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Let us turn, for a moment, to the problem of plastic bags stuck in trees. It and I go back a long way. I began to notice it about 10 years ago, in my early middle age, when the larger vexations of adulthood — don’t get me started — were becoming real to me forr the first time. Pushing my daughter in her stroller along the street in Brooklyn, where my family and I then lived, and thinking perhaps about the fact that my health insurance payments had just doubled, I heard a plastic-y rustling sound overhead, an insistent lufng in the trees. When I looked up, I saw it: a milky-white plastic bag of the kind Korean groceries give out stuck by its two handles to the bare branch of a tree. (Because of its resemblance to a man’s undershirt, in later years this variety of bag would be known as the undershirt bag.) Filled by the wind in its perch 30 feet above and permanently out of reach, the bag “fluttered happily against the blue of the early-spring sky. As I watched, the flapping bag took on a last-straw quality. Suddenly it irritated me no end.
I’m one of those people who happen to like trees. I don’t know why — I just do. As a kid, I loved to climb them. The distant, upper branches, especially, were celestial and alluring. The loftiness, the breeze, the view, the sense of privileged isolation — I spent many hours up there, with friends or alone. When I needed to think or was really upset, generally I climbed a tree. I still like to gaze up into the heights of a tree. And while I can accept the fact that I will probably never again climb to the top of one, it pains me to yield possession of that magic arboreal realm to a bunch of thrown-away, useless, cheesy, wasteful, soot-covered, flapping, smart-alecky plastic bags.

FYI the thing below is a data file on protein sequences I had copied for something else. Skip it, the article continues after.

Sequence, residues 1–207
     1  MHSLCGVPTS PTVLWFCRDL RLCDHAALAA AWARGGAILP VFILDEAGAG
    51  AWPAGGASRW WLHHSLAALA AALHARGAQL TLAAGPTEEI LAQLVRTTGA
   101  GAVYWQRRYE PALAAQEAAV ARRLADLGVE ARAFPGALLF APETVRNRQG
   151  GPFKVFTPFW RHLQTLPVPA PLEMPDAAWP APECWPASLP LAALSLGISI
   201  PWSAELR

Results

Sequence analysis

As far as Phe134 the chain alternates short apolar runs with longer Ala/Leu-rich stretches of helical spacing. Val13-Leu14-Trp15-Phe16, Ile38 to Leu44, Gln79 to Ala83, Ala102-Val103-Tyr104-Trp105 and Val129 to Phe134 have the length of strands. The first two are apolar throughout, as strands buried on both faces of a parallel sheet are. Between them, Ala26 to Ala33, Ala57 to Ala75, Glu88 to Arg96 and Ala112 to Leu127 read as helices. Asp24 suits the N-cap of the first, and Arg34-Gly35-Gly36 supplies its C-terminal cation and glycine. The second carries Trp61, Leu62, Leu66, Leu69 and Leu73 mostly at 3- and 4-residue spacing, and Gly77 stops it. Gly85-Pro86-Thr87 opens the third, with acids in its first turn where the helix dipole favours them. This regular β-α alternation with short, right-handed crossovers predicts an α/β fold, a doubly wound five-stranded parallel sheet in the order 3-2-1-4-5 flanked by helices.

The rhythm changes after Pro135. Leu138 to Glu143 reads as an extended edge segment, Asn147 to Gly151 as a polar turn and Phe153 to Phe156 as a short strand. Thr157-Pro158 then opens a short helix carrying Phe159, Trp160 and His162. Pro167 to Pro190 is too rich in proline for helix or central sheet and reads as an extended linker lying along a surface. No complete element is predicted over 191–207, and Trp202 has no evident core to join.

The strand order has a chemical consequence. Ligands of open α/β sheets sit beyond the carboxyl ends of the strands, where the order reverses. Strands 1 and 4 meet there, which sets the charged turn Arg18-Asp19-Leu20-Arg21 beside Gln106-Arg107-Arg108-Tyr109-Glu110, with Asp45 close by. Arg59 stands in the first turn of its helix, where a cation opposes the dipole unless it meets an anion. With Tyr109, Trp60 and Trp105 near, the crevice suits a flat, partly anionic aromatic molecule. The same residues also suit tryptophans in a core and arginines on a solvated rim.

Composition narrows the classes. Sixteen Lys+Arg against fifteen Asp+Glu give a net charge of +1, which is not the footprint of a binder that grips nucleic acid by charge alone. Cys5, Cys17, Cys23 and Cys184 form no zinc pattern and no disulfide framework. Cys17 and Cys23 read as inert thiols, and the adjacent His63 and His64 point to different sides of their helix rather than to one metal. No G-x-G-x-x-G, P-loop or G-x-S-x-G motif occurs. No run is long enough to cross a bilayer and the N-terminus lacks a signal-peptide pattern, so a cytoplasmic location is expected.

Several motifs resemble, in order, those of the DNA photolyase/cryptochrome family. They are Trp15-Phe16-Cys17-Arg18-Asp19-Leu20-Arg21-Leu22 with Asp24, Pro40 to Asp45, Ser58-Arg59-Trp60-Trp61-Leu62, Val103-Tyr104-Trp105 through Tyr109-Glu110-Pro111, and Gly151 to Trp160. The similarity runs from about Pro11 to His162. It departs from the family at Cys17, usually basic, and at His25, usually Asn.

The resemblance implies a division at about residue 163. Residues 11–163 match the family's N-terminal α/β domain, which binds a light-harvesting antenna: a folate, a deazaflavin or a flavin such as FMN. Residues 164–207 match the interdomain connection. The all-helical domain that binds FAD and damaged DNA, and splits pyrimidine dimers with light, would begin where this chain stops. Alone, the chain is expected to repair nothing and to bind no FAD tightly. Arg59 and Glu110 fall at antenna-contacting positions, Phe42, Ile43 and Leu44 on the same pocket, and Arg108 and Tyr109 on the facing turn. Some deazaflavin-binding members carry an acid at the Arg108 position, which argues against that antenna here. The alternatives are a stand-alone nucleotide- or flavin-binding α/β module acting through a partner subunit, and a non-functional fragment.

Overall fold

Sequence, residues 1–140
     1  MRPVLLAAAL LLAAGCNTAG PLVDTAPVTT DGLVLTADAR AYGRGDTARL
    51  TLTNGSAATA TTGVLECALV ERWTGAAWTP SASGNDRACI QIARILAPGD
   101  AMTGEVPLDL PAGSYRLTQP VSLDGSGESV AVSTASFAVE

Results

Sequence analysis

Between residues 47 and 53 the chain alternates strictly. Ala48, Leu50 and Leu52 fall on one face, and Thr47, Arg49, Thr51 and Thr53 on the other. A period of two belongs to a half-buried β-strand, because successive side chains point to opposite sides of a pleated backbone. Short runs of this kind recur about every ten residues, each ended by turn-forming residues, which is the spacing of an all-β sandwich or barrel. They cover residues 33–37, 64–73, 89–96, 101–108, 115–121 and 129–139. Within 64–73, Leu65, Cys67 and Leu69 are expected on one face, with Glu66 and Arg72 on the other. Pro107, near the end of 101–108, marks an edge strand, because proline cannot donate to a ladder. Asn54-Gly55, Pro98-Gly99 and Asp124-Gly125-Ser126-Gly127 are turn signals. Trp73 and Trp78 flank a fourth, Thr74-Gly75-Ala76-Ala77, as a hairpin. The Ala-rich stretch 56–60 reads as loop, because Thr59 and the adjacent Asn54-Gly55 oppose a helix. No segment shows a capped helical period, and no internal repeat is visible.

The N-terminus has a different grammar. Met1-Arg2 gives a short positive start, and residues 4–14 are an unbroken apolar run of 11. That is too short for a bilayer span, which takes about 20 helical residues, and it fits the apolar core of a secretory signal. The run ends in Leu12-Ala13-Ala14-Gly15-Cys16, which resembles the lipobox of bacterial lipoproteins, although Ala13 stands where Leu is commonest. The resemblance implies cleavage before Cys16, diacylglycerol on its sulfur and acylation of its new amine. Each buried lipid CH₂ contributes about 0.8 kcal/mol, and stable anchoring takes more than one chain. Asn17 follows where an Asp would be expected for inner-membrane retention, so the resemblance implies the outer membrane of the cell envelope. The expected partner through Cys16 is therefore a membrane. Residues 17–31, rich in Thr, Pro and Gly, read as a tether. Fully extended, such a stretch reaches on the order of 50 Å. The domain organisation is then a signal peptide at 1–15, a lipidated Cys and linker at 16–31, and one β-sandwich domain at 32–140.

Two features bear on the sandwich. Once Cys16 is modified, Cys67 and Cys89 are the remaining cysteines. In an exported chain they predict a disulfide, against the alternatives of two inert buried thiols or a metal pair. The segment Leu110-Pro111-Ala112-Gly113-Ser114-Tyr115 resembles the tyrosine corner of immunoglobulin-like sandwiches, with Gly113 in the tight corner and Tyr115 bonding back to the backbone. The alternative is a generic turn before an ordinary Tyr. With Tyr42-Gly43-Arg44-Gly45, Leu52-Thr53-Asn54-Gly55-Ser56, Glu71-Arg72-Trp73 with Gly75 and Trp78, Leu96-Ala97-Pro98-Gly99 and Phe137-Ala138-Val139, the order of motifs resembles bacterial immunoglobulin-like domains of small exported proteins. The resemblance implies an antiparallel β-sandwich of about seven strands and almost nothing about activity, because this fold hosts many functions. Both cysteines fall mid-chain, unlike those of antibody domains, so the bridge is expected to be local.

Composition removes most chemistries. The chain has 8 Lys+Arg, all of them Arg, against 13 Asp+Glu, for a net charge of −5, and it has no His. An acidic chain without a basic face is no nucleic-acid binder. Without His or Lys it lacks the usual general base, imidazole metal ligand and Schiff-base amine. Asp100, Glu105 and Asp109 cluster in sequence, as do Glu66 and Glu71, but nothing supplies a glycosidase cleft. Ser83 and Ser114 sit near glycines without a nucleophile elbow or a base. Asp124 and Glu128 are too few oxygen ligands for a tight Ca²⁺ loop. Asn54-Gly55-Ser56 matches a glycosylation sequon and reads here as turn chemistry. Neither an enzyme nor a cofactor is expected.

And there are a bunch of them. Once I noticed my rst, I noticed thousands. Spotting them became a kind of involuntary torture. In parts of New York City they’re ubiquitous, but I saw them elsewhere too — in mesquite trees near Tucson, Arizona, and in cottonwoods in South Dakota, and in palms in Florida, and in unidentied sorry trees along the Dan Ryan Expressway in Chicago. At the Grand Army Plaza, in the Park Slope area of Brooklyn, the bags in trees could be described as a blight. And once you begin seeing the bags, you become aware of all the other stuff that’s stuck in trees. Some of it has the gruesome air of the formerly festive — tattered crepe paper streamers, for example, or used-car-lot plastic flags, or forgotten strands of holiday lights, or (most often) party balloons. Especially tree loving are those big silvery helium-inflated Mylar balloons with the puckers on the side, the ones that often accompany floral bouquets and have legends on them like “Lordy, Lordy — Look Who’s Forty!” I would guess that about half of all the party balloons in the world eventually end up in trees.
One day a cluster of those Mylar balloons got stuck in a London plane tree just across the street from my ofce window in our apartment in Brooklyn. I watched them wretchedly age, season after season, and no matter how bad my mood, I could always worsen it by glancing at them. The cool way they dangled there, idly disintegrating, and taking their own sweet time! I happened to mention them to my friend Tim McClelland and he understood immediately how bugged they made me. Tim and I have known each other for 30 years and have had many adventures driving cars and setting off reworks and shooting guns and hitting golf balls at passing ships from the cement shore-line in lower Manhattan. During our conversation, an idea suddenly emerged: We could make a special tool that would take those balloons out.
And so we did. Tim is a jeweler, and in his shop he made a prototype of the device we had imagined. It had three narrow metal rods about six inches long attached spoke-like to a central axis that also held, roughly perpendicular to them, a cutter in the shape of a small sickle or pruning hook. We called the device the bag snagger. It used no moving parts, but operated by snagging and cutting; afxed to a long pole, the snagger would rst inveigle (we liked that word) the plastic bag in its rods or tongs, which were set pointing slightly downward for easier snagging. A few turns of the pole would wrap the bag securely around the snagger, and a sharp tug would then cut it free with the cutting blade. At a store that sold metal tubing we found hollow aluminum poles six or eight feet long that t together telescope fashion, and Tim drilled holes in them so they could be attached one to the next, with the snagger bolted to the end.